New York University has asked the FCC to issue a declaratory ruling clarifying that its rule prohibiting hams from transmitting "messages in codes or ciphers intended to obscure the meaning thereof" also applies to "effectively encrypted or encoded messages" that "cannot be readily decoded over the air for true meaning."
The focus of the petition is Winlink, along with PACTOR and similar modes, in which transmissions can only be decoded by a single linked station. NYU says this makes it difficult for amateurs to self-police. According to the ARRL, NYU says its interest is borne from its long-standing commitment to fostering innovation in science, technology, engineering and math, and that "transparency and openness in amateur radio" are important elements of that goal.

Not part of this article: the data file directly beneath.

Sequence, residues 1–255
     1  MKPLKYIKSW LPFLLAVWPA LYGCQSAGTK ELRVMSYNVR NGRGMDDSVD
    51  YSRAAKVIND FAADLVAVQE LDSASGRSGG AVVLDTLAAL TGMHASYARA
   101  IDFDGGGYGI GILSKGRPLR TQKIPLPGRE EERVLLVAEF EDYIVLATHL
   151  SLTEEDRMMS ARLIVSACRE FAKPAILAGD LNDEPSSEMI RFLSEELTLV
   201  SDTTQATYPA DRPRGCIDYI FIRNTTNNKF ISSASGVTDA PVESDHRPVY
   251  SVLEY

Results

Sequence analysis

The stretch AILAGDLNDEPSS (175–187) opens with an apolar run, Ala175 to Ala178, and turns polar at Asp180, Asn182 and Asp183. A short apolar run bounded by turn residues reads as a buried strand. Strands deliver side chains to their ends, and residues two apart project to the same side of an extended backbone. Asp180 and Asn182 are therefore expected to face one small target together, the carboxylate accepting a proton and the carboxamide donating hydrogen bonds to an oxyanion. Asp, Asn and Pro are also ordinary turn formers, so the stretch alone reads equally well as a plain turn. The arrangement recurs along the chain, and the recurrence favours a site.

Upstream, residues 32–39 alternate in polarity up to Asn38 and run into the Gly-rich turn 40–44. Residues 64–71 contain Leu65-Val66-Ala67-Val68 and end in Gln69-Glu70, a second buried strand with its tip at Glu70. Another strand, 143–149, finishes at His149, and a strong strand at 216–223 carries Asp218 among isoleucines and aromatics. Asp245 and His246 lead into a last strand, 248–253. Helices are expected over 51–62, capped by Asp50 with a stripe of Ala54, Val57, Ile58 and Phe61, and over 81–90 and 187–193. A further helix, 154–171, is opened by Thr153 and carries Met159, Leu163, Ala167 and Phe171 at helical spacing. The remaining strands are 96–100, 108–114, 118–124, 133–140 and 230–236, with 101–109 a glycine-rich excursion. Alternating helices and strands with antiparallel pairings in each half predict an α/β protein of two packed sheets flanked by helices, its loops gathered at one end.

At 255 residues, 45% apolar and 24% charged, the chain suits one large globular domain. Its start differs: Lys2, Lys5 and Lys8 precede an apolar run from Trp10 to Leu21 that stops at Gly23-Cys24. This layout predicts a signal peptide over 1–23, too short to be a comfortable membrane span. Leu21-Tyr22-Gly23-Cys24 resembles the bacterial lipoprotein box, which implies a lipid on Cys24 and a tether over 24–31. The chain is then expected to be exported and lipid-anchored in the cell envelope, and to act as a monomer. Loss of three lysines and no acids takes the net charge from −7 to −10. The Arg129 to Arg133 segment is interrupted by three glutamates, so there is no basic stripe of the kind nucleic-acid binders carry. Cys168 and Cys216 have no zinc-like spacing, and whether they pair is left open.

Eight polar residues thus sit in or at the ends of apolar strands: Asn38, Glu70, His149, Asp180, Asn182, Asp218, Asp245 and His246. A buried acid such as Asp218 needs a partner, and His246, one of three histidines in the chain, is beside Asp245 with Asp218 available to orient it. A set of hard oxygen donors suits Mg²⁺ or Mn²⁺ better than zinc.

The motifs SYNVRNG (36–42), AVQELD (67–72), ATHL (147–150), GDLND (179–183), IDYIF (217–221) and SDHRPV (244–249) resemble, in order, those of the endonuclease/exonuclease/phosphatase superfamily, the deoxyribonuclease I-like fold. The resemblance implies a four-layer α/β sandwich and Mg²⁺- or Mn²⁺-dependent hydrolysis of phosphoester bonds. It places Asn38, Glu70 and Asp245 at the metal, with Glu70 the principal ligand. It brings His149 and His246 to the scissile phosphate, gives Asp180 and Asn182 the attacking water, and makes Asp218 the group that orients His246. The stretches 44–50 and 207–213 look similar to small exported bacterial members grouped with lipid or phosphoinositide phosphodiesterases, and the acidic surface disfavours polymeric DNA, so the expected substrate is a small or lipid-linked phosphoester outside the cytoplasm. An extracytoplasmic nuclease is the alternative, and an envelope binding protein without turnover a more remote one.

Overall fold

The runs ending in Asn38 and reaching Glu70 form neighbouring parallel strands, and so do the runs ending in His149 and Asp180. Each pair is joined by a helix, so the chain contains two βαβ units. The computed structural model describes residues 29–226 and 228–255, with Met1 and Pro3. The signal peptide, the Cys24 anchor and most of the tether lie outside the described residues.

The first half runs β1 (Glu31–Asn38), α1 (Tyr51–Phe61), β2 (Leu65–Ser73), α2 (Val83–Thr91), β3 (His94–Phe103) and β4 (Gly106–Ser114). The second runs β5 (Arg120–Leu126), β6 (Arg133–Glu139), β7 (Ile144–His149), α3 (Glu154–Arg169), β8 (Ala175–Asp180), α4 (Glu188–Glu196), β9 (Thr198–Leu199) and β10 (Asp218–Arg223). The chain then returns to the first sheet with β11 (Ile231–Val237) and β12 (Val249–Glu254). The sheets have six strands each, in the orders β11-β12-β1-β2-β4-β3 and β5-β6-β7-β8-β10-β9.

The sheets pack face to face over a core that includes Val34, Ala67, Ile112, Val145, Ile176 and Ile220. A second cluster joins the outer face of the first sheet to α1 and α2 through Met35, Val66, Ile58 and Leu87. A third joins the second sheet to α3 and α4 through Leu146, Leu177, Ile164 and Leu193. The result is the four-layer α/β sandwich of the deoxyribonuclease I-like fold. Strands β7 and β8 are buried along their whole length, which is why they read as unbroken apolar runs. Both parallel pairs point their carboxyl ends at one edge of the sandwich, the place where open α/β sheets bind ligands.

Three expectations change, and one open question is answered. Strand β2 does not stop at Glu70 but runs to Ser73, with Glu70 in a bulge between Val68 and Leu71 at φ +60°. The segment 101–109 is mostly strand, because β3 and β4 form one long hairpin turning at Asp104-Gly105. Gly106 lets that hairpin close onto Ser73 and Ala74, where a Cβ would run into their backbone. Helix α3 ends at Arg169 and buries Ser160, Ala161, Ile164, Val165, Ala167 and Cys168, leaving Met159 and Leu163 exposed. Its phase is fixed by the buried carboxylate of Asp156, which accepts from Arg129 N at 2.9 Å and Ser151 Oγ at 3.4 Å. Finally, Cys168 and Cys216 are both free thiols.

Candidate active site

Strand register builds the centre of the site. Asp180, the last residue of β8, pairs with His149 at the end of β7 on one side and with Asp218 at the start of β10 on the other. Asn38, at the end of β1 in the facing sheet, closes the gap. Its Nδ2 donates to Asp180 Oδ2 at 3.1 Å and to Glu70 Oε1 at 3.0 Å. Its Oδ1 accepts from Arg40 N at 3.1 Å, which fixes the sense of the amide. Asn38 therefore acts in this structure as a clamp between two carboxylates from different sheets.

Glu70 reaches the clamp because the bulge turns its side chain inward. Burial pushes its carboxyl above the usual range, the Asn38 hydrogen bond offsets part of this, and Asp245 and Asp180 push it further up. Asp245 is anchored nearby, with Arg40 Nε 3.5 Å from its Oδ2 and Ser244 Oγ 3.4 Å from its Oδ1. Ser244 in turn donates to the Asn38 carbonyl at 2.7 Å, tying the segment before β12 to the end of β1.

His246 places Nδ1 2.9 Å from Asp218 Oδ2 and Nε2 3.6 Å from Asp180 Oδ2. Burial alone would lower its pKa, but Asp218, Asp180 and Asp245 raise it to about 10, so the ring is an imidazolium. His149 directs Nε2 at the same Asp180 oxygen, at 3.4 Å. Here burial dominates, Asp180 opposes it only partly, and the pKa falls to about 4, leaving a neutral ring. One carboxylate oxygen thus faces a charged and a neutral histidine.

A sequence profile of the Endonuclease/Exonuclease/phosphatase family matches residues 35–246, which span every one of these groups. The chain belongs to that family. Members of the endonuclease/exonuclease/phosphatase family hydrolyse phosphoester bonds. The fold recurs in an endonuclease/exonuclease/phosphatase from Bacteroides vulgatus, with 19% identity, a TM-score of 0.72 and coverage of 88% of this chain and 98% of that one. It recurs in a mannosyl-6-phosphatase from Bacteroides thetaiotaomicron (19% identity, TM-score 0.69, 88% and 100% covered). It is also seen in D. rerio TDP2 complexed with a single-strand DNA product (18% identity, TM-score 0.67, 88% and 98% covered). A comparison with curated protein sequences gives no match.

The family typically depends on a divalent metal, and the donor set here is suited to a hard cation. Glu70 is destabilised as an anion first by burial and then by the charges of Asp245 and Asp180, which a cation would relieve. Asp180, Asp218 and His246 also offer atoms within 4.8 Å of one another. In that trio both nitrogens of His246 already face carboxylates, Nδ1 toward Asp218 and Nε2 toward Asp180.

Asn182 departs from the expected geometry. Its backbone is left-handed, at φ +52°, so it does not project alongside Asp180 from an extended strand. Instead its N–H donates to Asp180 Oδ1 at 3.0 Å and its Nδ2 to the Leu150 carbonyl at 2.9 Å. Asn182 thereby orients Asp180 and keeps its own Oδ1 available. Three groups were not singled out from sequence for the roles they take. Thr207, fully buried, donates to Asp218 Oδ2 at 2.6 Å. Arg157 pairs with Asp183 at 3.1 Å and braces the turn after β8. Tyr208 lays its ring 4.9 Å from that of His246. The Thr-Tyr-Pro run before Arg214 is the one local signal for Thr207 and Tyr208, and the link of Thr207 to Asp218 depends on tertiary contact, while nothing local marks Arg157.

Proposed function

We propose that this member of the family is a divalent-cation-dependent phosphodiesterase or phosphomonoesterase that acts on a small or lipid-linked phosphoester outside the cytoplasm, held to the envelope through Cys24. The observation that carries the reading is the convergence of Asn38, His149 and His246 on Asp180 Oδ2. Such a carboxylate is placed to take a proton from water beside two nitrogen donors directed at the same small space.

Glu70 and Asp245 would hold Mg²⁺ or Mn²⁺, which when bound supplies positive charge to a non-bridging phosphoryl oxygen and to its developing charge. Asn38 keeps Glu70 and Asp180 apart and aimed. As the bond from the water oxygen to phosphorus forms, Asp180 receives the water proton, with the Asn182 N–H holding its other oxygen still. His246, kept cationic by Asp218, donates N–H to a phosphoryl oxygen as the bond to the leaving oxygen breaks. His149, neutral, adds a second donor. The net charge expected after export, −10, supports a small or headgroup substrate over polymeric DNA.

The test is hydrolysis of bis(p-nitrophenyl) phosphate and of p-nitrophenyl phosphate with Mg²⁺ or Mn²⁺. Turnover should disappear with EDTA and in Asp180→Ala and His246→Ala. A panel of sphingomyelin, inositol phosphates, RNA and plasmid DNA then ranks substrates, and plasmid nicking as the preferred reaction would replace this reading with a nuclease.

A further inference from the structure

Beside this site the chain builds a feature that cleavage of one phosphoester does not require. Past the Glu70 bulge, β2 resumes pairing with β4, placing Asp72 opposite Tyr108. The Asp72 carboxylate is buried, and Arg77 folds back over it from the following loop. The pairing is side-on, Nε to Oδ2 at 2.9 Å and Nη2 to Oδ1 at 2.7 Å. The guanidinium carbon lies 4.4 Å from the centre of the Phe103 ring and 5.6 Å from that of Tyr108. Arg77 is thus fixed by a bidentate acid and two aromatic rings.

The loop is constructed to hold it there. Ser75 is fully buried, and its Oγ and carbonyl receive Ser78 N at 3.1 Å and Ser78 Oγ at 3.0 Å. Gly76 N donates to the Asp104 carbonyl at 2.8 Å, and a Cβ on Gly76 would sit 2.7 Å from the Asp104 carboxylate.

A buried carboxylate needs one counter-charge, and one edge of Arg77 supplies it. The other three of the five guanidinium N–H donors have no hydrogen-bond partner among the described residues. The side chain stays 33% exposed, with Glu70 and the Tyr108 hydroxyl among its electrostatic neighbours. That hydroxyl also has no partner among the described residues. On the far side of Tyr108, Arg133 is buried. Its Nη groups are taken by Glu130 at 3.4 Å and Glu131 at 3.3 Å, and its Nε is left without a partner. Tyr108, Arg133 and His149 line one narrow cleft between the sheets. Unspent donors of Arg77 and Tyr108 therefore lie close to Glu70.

SCS, the company that developed PACTOR, recently unveiled new software, called PMON, which it says can be used to monitor PACTOR-1/-2/-3 transmissions without a specialized modem, but the NYU petition says it isn't clear whether the software can successfully decode transmissions in which elements may be missing due to fading. Comments are due by December 2, with reply comments due by December 17.